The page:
- So leafy plates in European cuisines are used as an additive to salads, and also introduced into broth during the preparation of first courses. Second courses are distinguished by their original taste. A number of different sauces and mayonnaises have been developed on the basis of fennel greens.
- Especially popular is the manufacture of dishes where fennel leaf plates are present, complementing salmon, mackerel, perch, sardine or other representatives of the ocean. When a plant is combined with vegetables, the culinary delight acquires not only originality, but also medicinal properties.
- In the preparation of dishes with fatty meat, for example, with pork, the addition of spice adds notes of sweet taste. To do this, the meat is stewed in a marinade interspersed with spicy culture, and whole leaf plates can also be put under whole pieces of fish, meat, chicken.This recipe is used in most cases for baking in the oven.
- In Mediterranean cuisine, frozen or blanched plant stems are actively used as a side dish, as a second course.
- The upper part of the fennel umbrella is used in home cooking, as well as canning as an additive for pickling tomatoes or cucumbers, eggplants, zucchini, squash.
- Green fennel seeds are recommended to be used as a seasoning in fish dishes such as Italian pork, canned herring.They can also be used for baking baked goods. Pre-ground plant seeds are needed as a seasoning when roasting meat or chicken on a skewer over an open fire.
- In addition, the spicy shrub is used to make various desserts and sweets.
For whom and when is fennel contraindicated?
Many people believe that fennel is not contraindicated. But along with the possession of a number of useful qualities, the plant also has contraindications.First of all, a spicy culture is prohibited for people who have an individual intolerance to the plant itself or the components that the culture is endowed with.
If the plant is consumed by a patient with hypersensitivity, an allergic reaction may develop. The latter can be expressed in any form – a runny nose, redness of the skin, itching or other severity. Therefore, it is necessary to undergo testing to identify a reaction before using prepared spice-based products.
Do not use fennel infusions or teas for patients with epilepsy.
During the use of infusions or decoctions with the preparation of fennel, it is recommended to observe the optimal dosage. Overdose moments often occur. Signs of severe headache, bouts of nausea and dizziness may appear. The optimal rate for the introduction of a medicinal drink into the body for each patient is set individually.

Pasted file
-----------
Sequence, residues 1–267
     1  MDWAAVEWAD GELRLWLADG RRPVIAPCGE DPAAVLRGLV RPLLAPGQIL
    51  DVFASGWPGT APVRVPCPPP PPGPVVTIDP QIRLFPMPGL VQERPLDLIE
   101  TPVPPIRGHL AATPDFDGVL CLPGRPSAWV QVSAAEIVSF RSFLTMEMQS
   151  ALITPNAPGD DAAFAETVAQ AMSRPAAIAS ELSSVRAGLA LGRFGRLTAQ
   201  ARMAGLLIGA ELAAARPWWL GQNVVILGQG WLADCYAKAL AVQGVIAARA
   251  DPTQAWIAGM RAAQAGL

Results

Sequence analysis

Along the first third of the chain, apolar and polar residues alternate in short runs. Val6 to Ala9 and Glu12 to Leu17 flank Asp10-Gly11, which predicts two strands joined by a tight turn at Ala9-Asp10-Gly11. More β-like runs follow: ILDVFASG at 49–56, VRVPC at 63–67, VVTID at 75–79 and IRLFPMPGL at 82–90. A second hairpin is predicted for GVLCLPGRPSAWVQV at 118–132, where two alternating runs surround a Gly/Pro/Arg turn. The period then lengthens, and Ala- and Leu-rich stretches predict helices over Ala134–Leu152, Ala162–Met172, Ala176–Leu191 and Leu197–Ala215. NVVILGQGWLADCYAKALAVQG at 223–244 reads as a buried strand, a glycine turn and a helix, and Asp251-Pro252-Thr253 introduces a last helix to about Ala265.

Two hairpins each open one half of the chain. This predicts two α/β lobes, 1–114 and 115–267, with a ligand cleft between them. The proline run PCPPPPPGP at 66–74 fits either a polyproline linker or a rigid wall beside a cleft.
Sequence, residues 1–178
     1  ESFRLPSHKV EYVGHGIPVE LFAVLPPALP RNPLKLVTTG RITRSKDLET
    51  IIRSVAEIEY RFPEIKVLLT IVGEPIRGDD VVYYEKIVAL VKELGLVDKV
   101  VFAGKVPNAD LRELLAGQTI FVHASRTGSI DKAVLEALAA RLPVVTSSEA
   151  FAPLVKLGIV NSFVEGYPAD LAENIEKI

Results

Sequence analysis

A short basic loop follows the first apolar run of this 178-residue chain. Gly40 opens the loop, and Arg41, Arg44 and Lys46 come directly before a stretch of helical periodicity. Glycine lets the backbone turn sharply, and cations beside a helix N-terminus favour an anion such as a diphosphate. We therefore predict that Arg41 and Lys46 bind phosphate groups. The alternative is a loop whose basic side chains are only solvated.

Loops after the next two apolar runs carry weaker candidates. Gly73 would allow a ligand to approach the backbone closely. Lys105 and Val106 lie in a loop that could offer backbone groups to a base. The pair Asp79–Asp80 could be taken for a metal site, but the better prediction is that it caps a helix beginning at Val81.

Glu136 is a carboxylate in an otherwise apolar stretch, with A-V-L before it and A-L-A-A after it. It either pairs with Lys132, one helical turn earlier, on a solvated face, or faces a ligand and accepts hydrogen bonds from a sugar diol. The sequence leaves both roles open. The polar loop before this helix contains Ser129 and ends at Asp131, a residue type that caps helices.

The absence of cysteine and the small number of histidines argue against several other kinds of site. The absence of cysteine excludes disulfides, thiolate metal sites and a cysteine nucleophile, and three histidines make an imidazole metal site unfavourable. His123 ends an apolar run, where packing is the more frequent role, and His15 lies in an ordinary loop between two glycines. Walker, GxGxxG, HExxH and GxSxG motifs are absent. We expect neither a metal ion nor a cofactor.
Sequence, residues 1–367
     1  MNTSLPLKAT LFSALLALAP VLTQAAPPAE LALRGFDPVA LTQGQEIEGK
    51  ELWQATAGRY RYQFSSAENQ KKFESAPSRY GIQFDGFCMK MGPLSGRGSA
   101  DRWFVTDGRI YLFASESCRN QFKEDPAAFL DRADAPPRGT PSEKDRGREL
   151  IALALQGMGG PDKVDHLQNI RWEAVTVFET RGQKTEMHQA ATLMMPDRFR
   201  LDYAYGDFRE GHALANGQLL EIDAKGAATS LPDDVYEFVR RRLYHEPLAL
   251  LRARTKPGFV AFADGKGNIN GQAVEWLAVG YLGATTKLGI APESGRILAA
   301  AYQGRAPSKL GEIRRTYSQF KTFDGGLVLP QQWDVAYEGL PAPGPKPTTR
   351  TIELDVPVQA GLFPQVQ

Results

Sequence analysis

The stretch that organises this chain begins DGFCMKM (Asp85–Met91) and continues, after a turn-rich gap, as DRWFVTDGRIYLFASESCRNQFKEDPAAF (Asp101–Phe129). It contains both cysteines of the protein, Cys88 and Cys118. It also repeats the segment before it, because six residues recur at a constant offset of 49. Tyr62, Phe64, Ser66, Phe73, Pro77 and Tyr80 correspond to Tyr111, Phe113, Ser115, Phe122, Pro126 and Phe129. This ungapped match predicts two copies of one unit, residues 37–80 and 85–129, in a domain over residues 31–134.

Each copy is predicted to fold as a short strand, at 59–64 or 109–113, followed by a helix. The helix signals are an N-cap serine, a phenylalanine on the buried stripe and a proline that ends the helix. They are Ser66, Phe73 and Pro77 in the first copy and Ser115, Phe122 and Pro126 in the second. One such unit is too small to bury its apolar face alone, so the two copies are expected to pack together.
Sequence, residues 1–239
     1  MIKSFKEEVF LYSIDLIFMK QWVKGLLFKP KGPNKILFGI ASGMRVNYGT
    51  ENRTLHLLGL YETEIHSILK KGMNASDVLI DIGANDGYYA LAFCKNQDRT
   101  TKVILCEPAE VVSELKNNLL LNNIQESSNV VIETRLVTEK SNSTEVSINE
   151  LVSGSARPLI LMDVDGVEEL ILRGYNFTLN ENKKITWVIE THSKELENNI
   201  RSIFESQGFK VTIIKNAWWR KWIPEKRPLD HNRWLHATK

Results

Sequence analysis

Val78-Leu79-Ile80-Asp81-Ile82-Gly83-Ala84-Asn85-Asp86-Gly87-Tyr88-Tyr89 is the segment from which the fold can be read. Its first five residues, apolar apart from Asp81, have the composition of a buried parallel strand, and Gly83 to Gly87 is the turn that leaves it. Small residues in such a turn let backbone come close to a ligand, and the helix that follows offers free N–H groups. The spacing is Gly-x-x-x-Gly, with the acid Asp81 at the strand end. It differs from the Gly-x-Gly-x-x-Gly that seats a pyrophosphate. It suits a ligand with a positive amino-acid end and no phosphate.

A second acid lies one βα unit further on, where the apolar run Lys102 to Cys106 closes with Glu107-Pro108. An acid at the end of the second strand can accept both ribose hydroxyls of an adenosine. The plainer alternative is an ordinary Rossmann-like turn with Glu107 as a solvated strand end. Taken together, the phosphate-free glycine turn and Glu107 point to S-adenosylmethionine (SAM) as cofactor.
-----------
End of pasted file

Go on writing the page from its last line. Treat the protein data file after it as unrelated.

If too heavily loaded with fennel-based products, the spice can provoke digestive problems such as an upset stomach or an allergic reaction.Therefore, it is very important to start using the medicinal herb in small doses. In case of any identification of a negative effect, it is worth stopping the intake completely and consulting a doctor.
Can it cause side effects?
Incorrect intake or excessive leaning on the therapeutic drink can cause side effects. The following situations are distinguished, which leads to the use of tea, infusion or decoction from a spicy culture:
- Acquisition of sunburn – frequent consumption of tea stimulates the skin, revealing sensitivity to the rays of the sun, which can ultimately lead to burns.
- Allergies – patients who have a negative reaction to celery or carrots are susceptible to developing a reaction to fennel. Signs of allergies: dizziness, swelling of the face and larynx, pain when swallowing.
- When carrying a child, it is possible to provoke the appearance of menstruation, which is abnormal during such a period. Drinking the drink frequently can stimulate placental rejection, leading to miscarriage.
- Disorders in the functioning of the endocrine system – the seeds contain estrogens, which are a hormone of plant origin.The latter lead to processes that disrupt the operation of internal systems.
- Negatively affects newborns – some mothers introduce fennel tea to babies from the first days. An irregular dosage for babies negatively affects their condition: neurological diseases or other problems associated with the baby’s psyche appear.
Therefore, it is possible to use medicinal herb as active additives only after the recommendations of the attending doctor and according to a specially prescribed scheme.
How to choose the right fennel?
When choosing a medicinal plant, it is worth giving preference to green stems with a bright saturated color. They should be firm, strong and tight. If a soft plant with sluggish stems is offered for sale, then you should not purchase this product.